The persian Sufi poet Hafiz

The 13th century Persian Sufi poet Hafiz has been one of my favorite poets. Hafiz was a moulana in a mosque in Iran. His extreme liberality drew him the ire of the Islamic establishment of his time. I have given below some English translations of his poems taken from the book “The Gift”. One wonders what the relationship between Hindus and Muslims would have been if the Hafiz brand of Islam had gained dominance.

 Definition of Love:

Even after all this time
the Sun has never told the Earth

“You owe me”,
look what happens
with a love like that,
it lights the whole sky.

Attitude towards God (as a lover):

Like a pair
of mismatched newlyweds,
one of which still feels very insecure,
I keep turning to God
saying,”Kiss Me”.

Attitude towards God (as a lover):

When no one is looking
I swallow deserts and clouds
and chew on mountains knowing
they are sweet bones!
When no one is looking, and I want
to kiss God
I just lift my own hand
to my mouth

Attitude towards God (as parent):

The tide of my love
has risen so high let me flood over you.
Close your eyes for a moment
and maybe all your fears and fantasies
will end.
If that happened
God would become an infant in your
arms.
And then you
would have to nurse all
creation!

Attitude towards God (as oneself):

At some point
your relationship
with God will
become like this:
next time you meet Him in the forest
or in a crowded city street
there won’t be anymore
“leaving.”
That is, God will climb into
your pocket, you will simply just take
yourself along!

Attitude towards God (You are IT!)

God disguised
as a myriad things and
playing a game
of tag,
has kissed you and said,
“you are it-
I mean, you’re Really IT!”
Now
it does not matter
what you believe or feel
for something wonderful,
major-league wonderful
is someday going
to
happen.

God’s presence inside a human being (1):

It used to be
that when I would wake in the morning
I could with confidence say,
“What am ‘I’ going to
do?”
That was before the seed
cracked open.
Now Hafiz is certain:
There are two of us housed
in this body,
doing the shopping in the market and
tickling each other
while fixing the evening’s food.
Now when I awake
all the internal instruments play the same music:
“God, what love-mischief can ‘We’ do
for the world
today?”

God’s presence inside a human being (2):

Once someone asked me,
“Why do saints seek divine annihilation
and are often humble
and like to spend their free time
upon their knees?”
I replied,
“It is a simple matter of etiquette,”
Then they said,
“What do you mean, Hafiz?”
“Well,” I continued,
“When one goes into a mosque or temple
is it not common to remove what
covers your
feet?
So too does it happen
with this whole mind and body –
that is something like a shoe sole –
when one begins to realize
upon whom you are really standing,
one begins
to remove the ‘shoe’ from the
temple”


About seeing God:

Running
through the streets
screaming,
throwing rocks through windows,
using my own head to ring
great bells,
pulling out my hair,
tearing off my clothes,
tying everything I own
to a stick,
and setting it on
fire.
What else can Hafiz do tonight
to celebrate the madness,
the joy,
of seeing God
everywhere!

About seeing God (2):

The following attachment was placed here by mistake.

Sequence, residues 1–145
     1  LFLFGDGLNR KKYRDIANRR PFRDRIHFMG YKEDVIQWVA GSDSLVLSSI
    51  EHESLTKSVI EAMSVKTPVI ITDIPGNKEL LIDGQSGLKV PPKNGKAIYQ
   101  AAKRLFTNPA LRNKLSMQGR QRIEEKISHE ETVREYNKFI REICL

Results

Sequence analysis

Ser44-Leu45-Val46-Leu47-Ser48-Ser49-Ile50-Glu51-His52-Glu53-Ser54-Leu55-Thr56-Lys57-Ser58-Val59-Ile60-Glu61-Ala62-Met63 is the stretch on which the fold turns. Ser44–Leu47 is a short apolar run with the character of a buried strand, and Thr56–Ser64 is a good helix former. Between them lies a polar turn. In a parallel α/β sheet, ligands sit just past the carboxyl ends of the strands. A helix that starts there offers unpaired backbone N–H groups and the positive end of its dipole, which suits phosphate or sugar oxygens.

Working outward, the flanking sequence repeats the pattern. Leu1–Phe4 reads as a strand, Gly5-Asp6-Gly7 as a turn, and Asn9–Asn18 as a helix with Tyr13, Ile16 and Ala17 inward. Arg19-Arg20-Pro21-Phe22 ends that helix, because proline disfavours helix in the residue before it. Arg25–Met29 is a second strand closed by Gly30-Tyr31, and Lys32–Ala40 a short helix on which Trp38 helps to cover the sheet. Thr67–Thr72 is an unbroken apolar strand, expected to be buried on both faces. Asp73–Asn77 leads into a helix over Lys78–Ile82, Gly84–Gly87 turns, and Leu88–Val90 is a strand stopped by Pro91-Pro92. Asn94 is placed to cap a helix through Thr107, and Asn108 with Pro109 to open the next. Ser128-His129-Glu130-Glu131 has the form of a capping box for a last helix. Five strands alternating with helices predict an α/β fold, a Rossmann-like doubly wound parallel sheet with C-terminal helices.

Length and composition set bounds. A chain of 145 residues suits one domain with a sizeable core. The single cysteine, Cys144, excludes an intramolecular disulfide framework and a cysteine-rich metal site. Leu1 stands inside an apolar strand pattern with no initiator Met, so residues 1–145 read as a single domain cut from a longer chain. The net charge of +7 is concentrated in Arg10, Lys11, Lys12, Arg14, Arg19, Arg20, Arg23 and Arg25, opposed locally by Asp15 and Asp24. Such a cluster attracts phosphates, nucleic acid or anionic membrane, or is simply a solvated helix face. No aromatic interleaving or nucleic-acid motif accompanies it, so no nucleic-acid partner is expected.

There
I bow my head –
at the feet of every creature.
This constant submission and homage,
of kissing God
all over,
someday
every lover will
do.
Only
there I postrate myself-
against the beauty of each form-
for which I bring
my heart close to any object
I always hear the Friend
say,
“Hafiz, I am
here”

Nature of God as love:

We
are not
in pursuit of formalities
or fake religious
laws,
for through the stairway of existence
we have come to God’s
door.
We are
people who need to love, because
love is the souls’s life,
love is simply creation’s greatest joy,
through
the stairway of existence,
O, through the stairway of existence, Hafiz,
have
you now come,
have we all now come to
the Beloved’s
door.

Hafiz on Nature of God:

Every
child
has known God,
Not the God of names,
not the God of don’ts,
not the God who ever does
anything weird,
but the God who only knows four words
and keeps repeating them, saying:
“Come dance with Me.”
Come
dance.


Hafiz’s attitude towards Religions:

The
great religions are the
ships,
poets the life
boats.
Every sane person I know has jumped
overboard.
That is good for business
isn’t it
Hafiz?

Hafiz’s attitude towards Religions:

I
have
learned
so much from God
that I can no longer
call
myself
a Christian, a Hindu, a muslim,
a Buddhist, a Jew.
The Truth has shared so much of Itself
with me
that I can no longer call myself
a man, a woman, an angel,
or even pure
Soul.
Love has
befriended Hafiz so completely
it has turned to ash
and freed
me
of every concept and image
my mind has ever known.

Hafiz’s attitude about Buddha

Hafiz
tonight as you sit with your
young students
who
have eyes
burning like coals for the truth,
raise your glass in honor
of the old Great One from Asia,
speak in the beautiful style
and precision wit of a
Japanese verse,
say a profound truth about this path
with the edge of your sailor’s tongue that
has been honed on the finest sake.
Okay, dear ones, are you ready?
Are you braced?
Well then:
Who can hear the Buddha sing,
If that dog between your legs is barking?
Who can hear the Buddha sing
if that canine between your
thighs
still
wants to do circus
tricks?

Hafiz’s attitude about Krishna

Something
in your soul trusts
me
otherwise it would not let you near
these words.
God has spilled a Great One
into each of us,
this warrior is always fearless
but also always
kind.
The only business I am concerned
with these days,
since I heard the moon’s drunk
singing
is
stealing
back our flute from

Hafiz’s attitude about death:

How
fascinating the idea of death
can be.
Too bad, though,
because
it just isn’t
True.

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